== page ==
“We feel like we’re going to need probably five times the content we need today,” said Grier. “The only way we’re going to be able to do that is [by] having great external partners, like we do with FCB and Mcgarrybowen. We’re also going to need our internal engine.”
In-housing and agency relationships
Going in-house naturally changes the nature of the agency-client relationship. For some, like P&G, the move in-house goes hand-in-hand with a plan to rethink the agency structure as the company is not only looking to reduce costs but find ways to be more efficient. The company has already implemented what it calls a “fixed and flow” agency model where it has a set amount of work with its agency partners while also using “smaller, more agile shops” for other jobs. It has also “co-located” with Grey Midwest and Publicis Agile Lion and brought together several agencies under an integrated group of agencies called Woven, which works under the same roof as P&G’s internal teams.
At the same time, P&G has taken more creative and production in-house. For example, Secret now has its own agency, which creates and produces ads “for a tenth of the cost and in one month versus five,” according to P&G chief brand officer Marc Pritchard.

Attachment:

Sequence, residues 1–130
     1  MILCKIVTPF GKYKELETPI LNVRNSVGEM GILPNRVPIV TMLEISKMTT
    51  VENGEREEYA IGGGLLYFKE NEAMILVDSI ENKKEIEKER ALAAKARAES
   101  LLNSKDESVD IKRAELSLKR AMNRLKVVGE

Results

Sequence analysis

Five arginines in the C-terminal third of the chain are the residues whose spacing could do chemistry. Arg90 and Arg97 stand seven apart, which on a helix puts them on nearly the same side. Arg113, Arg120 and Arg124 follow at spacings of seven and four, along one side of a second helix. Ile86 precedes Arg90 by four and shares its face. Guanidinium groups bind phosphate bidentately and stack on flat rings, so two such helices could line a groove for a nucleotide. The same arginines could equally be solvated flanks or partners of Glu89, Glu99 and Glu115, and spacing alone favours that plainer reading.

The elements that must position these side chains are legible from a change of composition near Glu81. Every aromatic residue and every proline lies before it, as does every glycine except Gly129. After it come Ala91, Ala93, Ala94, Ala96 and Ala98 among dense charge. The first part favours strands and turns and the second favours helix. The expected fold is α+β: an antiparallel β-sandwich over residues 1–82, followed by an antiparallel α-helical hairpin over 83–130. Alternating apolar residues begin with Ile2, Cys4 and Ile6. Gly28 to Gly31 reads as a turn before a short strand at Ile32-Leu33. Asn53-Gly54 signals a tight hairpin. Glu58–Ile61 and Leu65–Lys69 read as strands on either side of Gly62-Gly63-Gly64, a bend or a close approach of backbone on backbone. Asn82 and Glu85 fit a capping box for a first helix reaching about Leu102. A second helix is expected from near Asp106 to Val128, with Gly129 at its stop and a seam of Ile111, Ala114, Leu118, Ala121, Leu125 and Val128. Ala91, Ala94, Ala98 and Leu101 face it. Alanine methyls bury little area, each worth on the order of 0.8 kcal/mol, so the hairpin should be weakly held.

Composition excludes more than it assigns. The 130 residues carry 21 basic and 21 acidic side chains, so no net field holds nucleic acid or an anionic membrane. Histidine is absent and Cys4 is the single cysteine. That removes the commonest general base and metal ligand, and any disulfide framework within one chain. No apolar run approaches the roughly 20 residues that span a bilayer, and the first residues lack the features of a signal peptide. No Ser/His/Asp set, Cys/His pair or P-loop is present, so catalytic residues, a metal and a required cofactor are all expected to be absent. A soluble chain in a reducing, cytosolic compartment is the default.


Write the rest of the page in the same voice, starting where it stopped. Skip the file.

“As part of [our] overall agency reinvention, we’re discerning between what work we should do versus what work an agency should do or any kind of supplier,” said Pritchard, adding that the company now does 30% of its media buying in-house. “It’s people trying a whole bunch of different things and moving in and out.”
For others, like Anheuser-Busch, going in-house isn’t about changing or reducing its agency relationships. In the spring of 2018, the company created its in-house agency, known as DraftLine, which now has roughly 65 employees with half of those employees focused on gathering consumer data to drive not only the team’s creative output but the work of the various agencies working on A-B InBev’s brands. Each day, DraftLine has newsroom-like meetings to discuss what’s trending online and where A-B InBev brands can enter those conversations. For example, due to DraftLine research and work, Bud Light became a part of the Area 51 raid discussion online, which eventually led the brand to design Bud Light packaging with aliens on it and, once fans said they wanted it, to make Bud Light cans with said alien designs on it.
“We do not want to compete with the creative agencies,” said Anheuser-Busch CMO Marcel Marcondes, adding that the hybrid model “frees up time for the big creative agencies to focus on the big things” like the Super Bowl.
Building up data
Increasing internal capabilities with in-house teams is attractive to marketers who are focused not only on controlling more of their brands’ data but in gathering more of that data to create more targeted marketing. “We’re really focused in terms of looking at things that we can do, taking better control of our data, really building out consumer data platforms so that we understand how our customers interact with us at every single touchpoint and then really understanding what’s the next best product that we should be talking to them about,” said Ally Financial CMO Andrea Brimmer. “That’s a huge emphasis for us.”